Cursive: An Interview with Matt Maginn

Matt Maginn was a rad interview. Actually the whole band is amazing. Every time they would come to SD we’d meet for a drink, an actual bout of drinking prior to their playing. No attitude, just kindness. A band on the road. I’m still on the fence with regards to their latest record but I enjoy the body of their work, sometimes listener and band aren’t in the same place. I’ll have to take another shot at Happy Hollow. An awesome split they did with Eastern Youth called Eight Teeth to Eat You With should make its way into your collection ASAP!


Tim Kasher sceams that line in the song of the same title in Cursive’s new album, The Ugly Organ, without being perfunctory and with a vengeance reserved for Russian poets and mafioso’s. Cursive’s new album is at times both introspective and slighting, with reference to the band in the third person that sounds surprised that they are playing music. Cursive formed in 1995 when members of the March Hares, Stephen Pedersen, Matt Maginn, and Tim Kasher asked drummer, Clint Schnase to join their new project. From there the band recorded a four song 7″ called The Disruption, on Maginn’s fledgling Indie label Saddle Creek (home to Bright Eyes and The Faint). Such Blinding Stars for Starving Eyes, was Cursive’s first full length, also released on Saddle Creek. Blinding Stars, is in effect, a an early indicator album, one which tells a tale of what is to come, with brilliant songs and gut wrenching lyrics and Kasher’s unique wail, it had the pretension of a brilliant future.

Matt Maginn, childhood friend of Tim Kasher and the driving low end of one of the most prolific bands in the indie rock world has the world at his fingertips. He helped start and works for the mid-west powerhouse indie label, Saddle Creek, which hosts artists like Bright Eyes, Sorry About Dresden and The Faint. Matt started playing music in his youth, around the age of 14 he started playing in a band yet he had been ‘messing around’ with instruments since he was a young boy. Matt played bass in some early incarnations of Cursive and finally ended up forming Cursive with his friends in the last few years of high school.

Cursive had been looking for a way to add a new dynamic to the already unique sound of Cursive and decided instead of going for the typical keyboard addition, settled on the idea of adding a cello to the band.

“Cello and violin and more of the classical type of instruments, you don’t expect them to be in a rock band a lot of the time. We were looking for a way to add another dimension to the sound and cello provided that. So we went on a luckily very short search for a cello player and it did exactly as we hoped. We wanted to, rather than just add your typical keyboard, which we also did add, we wanted to find an instrument even farther removed from the rock genre.” Matt says.

Indeed, Cursive’s cello makes their brand of rock haunting and interesting without sounding experimental and maintaining certain aesthetics of rock and roll. So while you still had the elements of Cursive’s superior songwriting at work, there was an addition of a distinct new voice to the sound, Gretta Cohn’s contribution to Cursive has rounded out their sound, softened the edges so instead of looking at a high gloss photo, one is forced to look closer, and beneath there is more beauty, like a musical collage.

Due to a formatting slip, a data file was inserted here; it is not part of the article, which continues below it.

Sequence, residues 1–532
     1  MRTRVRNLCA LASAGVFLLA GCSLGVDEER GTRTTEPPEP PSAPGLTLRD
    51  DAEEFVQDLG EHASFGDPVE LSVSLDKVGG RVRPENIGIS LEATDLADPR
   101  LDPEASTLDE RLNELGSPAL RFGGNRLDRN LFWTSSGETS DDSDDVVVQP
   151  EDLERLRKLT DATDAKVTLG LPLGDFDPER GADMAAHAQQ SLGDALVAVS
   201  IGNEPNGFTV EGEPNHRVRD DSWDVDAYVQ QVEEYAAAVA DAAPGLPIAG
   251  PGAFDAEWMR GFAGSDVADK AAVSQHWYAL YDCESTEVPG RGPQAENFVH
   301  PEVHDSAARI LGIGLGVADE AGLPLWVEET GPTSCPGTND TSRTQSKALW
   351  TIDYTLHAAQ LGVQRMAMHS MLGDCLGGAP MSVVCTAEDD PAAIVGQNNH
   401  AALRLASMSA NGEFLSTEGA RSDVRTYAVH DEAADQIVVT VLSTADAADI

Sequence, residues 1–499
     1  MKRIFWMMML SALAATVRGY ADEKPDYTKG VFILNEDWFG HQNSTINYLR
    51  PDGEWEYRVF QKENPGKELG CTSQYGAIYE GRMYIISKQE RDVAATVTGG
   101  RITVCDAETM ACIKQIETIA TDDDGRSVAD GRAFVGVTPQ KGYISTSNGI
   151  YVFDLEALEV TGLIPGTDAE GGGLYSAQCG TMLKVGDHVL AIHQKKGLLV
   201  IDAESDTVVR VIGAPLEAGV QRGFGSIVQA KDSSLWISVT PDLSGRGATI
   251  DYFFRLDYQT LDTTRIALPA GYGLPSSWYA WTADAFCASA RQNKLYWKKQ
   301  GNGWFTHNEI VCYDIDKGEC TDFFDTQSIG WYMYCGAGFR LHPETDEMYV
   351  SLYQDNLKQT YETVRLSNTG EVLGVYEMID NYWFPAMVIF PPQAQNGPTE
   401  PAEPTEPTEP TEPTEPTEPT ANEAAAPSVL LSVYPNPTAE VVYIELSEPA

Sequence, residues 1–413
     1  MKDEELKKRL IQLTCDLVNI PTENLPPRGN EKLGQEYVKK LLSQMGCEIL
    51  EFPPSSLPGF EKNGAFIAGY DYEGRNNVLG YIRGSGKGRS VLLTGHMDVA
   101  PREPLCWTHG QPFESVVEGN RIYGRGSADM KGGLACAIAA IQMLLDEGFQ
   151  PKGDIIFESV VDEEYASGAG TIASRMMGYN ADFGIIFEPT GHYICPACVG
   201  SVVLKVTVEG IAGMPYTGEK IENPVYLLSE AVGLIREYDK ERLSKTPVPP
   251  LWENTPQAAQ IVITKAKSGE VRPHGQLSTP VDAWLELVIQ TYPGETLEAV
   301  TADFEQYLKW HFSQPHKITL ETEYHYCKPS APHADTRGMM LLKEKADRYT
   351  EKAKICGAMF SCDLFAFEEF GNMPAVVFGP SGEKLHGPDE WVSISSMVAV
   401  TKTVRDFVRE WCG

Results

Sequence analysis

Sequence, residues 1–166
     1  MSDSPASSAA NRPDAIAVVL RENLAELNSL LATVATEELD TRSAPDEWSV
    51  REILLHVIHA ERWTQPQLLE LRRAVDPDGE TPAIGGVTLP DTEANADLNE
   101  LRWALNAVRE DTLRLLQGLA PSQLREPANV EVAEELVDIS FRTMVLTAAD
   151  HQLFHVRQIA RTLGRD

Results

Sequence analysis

Writing in Cursive consists of similarities with other bands and their contemporaries, yet the added voice provides fresh challenges. “Usually the ideas of the songs are brought in by Tim and Ted. And everyone writes their own ideas into what they are doing. So they bring the basic framework and we build the rest.”

Tim and Matt have been playing together their whole lives. While they were 14 and 15 years old they played in March Hares and later formed Slow Down Virginia. Matt took lessons, “Everyone, at least all of the current members of Cursive except for Gretta took similar paths (in reference to lessons). We all took lessons for a year or two, to kind of learn the basics and then went out on our own after that. It helps you to develop your own sound and voice, rather than become too trained.”

Matt’s musical influences range from everything from The Clash and the Sex Pistols to U2 and REM to more, “Bizarre, random bands like Squeeze, Guada Canal Diary and other bands like The Specials, The Jam, Untouchables, just all over the place really.”

Matt was one of a number of people who help start Saddle Creek Records. He says that, “It was sort of like a collective where everybody did their thing and would pool their money together to help release the records. It really existed that way until 96 or 97 then it was sort of restructured by Rob and Mike Mogiss and in 98 Rob quit his full time job to work on the label. It was a conglomeration of current members of The Faint and Cursive that sort started the label.”

A lot of what goes into running an independent label is being thrifty, having a bunch of kick ass bands on the label and being smart about expenditures. Matt adds that, “the way Saddle Creek is run its still a collective, other bands helping each other out and even helping other bands out in Omaha. It’s pretty community oriented.”

The Ugly Organ, was recorded at Presto, Mike Mogiss’s studio in Lincoln, NB. “The way he does it there he records the main instruments; guitars, drums, base and cello onto two inch analog tape and then dumps it down into digital. So you get the ease of use with digital and the analog sound.”

Cursive is coming to your town, touring in support of The Ugly Organ, with Pedersen’s new band, Criteria. There is hundreds of bands out there but Cursive is one you should go and check out.

For more info, go to

Or info on Saddle Creek, visit